It was astounding that anything existed at all. Why wasn’t there nothing? By all the normal rules of expectation—the least unlikely state of affairs, the most economical solution to all possible problems, the simplest explanation–nothing is what you would have expected there to be. But such was not the case, self-evidently. And yet although it was impossible to know what there was, and therefore impossible to say what it was, and perhaps therefore even impossible to assert that there was anything, something was unquestionably going on. Yet how could anything be going on? In what medium? Nothingness? Impossible to conceive: and yet undeniably something was happening.
Although more and more given to talk and discussion and argument as I grew older, for several years I never encountered anyone who felt the same fascination as I did with these questions. By the time I had grown into adulthood I had become familiar with a number of general attitudes to experience that seemed to embrace among themselves most people, at least most of those I met, but none of them was at all like mine. There seemed to be three main groupings. First, there were people who took the world for granted as they found it: that’s how things are, and it’s obvious that that’s how they are, and talking about it isn’t going to change it, so there’s no purpose that perpetually questioning it is going to serve; discussing it is really a waste of time, even thinking about it much is a waste of time; what we have to do is get on with the practical business of living, not indulge in a lot of useless speculation and ineffectual talk That seemed to be roughly the outlook of most people. Then there were others who regarded that attitude as superficial, on religious grounds. According to them, this life was no more than an overture, a prelude to the real thing. There was a God who had made this world, including us, and had given us immortal souls, so that when our bodies died after a brief sojourn on earth the souls in them would go on for ever in some “higher” realm. Such people tended to think that in the eye of eternity this present world of ours was not all that important, and whenever one raised questions about the self-contradictory nature of our experience they would shrug their shoulders and attribute this to the inscrutable workings of a God. It was not that they used this as the answer to all questions, because what such people said seldom answered any actual questions: they felt under no pressure to do so. God knew al the answers to all the questions, and his nature was inscrutable to us, therefore the only thing for us to do was to put our trust in him and stop bothering ourselves with questions to which we could not possibly know the answers until after we died. It seemed to me that this attitude was at bottom as incurious as the first; it just offered a different reason for not asking questions; and equally obviously it did not really feel the problems. There was no awareness in it of the real extraordinariness of the world: on the contrary, people who subscribed to it were often marked by a certain complacency, not to say smugness. They seemed to be happily lulling themselves to sleep with a story which might or might not be true but which they had no serious grounds for believing.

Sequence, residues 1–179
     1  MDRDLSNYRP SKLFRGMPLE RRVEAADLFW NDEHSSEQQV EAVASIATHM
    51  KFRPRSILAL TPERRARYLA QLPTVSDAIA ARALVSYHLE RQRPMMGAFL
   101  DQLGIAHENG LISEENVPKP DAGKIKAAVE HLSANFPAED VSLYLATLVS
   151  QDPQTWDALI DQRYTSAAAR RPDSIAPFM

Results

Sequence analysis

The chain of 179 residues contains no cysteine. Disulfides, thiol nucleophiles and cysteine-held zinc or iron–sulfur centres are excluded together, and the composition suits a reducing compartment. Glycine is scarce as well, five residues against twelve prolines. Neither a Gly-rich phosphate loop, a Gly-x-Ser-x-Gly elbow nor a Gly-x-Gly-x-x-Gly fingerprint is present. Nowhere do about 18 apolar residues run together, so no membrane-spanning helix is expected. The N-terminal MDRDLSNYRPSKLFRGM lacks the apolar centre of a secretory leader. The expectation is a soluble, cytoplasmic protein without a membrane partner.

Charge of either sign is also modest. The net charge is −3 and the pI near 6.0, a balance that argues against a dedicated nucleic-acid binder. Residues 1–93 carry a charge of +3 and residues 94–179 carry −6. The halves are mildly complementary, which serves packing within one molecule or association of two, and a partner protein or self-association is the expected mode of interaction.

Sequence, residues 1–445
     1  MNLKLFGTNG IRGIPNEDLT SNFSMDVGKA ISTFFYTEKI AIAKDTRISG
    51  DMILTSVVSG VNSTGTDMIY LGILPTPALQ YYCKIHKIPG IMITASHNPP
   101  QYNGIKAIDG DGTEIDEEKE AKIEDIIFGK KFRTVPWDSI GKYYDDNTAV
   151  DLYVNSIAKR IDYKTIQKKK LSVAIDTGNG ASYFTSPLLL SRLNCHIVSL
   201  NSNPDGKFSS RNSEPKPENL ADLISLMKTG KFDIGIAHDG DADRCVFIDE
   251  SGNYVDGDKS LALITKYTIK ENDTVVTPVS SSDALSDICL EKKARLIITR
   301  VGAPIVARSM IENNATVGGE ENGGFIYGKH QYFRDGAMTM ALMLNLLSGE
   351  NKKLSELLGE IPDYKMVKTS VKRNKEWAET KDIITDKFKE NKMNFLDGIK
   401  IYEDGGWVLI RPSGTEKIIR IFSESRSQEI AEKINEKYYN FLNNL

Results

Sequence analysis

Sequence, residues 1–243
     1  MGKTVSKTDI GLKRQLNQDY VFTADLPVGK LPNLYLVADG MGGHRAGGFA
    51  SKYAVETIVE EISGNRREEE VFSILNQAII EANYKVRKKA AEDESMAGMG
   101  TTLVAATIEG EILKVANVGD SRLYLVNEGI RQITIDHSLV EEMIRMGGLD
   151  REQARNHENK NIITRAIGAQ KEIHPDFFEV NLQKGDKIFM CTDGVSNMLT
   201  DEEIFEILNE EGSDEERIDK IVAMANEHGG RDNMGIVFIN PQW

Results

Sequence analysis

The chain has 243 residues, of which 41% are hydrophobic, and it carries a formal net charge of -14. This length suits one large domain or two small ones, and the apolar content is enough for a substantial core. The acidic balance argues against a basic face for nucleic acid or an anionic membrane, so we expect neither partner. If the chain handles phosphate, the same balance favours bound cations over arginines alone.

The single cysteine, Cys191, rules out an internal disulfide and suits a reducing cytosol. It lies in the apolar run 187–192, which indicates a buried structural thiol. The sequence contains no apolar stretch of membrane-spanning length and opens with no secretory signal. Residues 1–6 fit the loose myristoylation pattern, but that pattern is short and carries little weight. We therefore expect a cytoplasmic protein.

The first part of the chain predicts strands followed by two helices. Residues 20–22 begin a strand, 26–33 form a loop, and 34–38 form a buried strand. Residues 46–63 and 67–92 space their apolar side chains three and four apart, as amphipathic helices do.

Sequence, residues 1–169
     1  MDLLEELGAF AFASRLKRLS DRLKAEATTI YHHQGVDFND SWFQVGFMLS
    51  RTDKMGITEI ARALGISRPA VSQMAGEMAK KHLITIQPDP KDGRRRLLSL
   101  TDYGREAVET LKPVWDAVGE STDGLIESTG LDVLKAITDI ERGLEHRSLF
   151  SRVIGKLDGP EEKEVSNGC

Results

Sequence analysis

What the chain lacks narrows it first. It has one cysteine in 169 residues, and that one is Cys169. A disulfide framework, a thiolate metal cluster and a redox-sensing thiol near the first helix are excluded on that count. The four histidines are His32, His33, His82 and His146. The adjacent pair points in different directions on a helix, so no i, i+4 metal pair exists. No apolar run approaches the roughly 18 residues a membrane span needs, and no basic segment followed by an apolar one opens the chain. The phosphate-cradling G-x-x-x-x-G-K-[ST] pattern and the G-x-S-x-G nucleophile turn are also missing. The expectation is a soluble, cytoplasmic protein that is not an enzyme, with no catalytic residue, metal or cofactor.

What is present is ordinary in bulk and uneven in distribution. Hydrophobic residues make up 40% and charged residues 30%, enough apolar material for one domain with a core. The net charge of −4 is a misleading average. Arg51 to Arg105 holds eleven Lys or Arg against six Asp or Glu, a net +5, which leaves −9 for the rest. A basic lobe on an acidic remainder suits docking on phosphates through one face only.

Finally, there were people who condemned both of these other sets of attitudes as uncomprehending and mistaken, on what one might call rationalistic grounds. They critically questioned both the ways things are and traditional religious beliefs, and challenged the adherents of either for proof, or at least good evidence; for some justification, or at least good argument. These tended in spirit to be either children of the enlightenment or children of the age of science, and in either case to have a kind of outlook that did not begin to exist until the seventeenth century. They seemed to believe that everything was explicable in the light of reason, that rational enquiry would eventually make all desirable discoveries, and that in principle if not altogether in practice all problems could be solved by the application of rationality. Most of my friends and fellow spirits seemed to fall into this third category, and indeed I tended to agree with their criticisms of the other two. My problem was that their own positive beliefs seemed to me manifestly untenable, and their attitudes—well, perhaps not quite as comfortable and complacent as those they criticized, but comfortable and complacent none the less. They seemed to think that the world was an intelligible place, and I did not see how in the light of a moment’s thought this belief could be entertained. […] What cut me off most deeply of all from this attitude, and what I also found hardest to understand about it, was its lack of any sense of the amazingness of our existence, indeed of the existence of anything at all-the sheer miraculousness of everything.
Bryan Magee, Confessions of a Philosopher: A Personal Journey Through Western Philosophy from Plato to Popper, London, 1997, pp. 13-15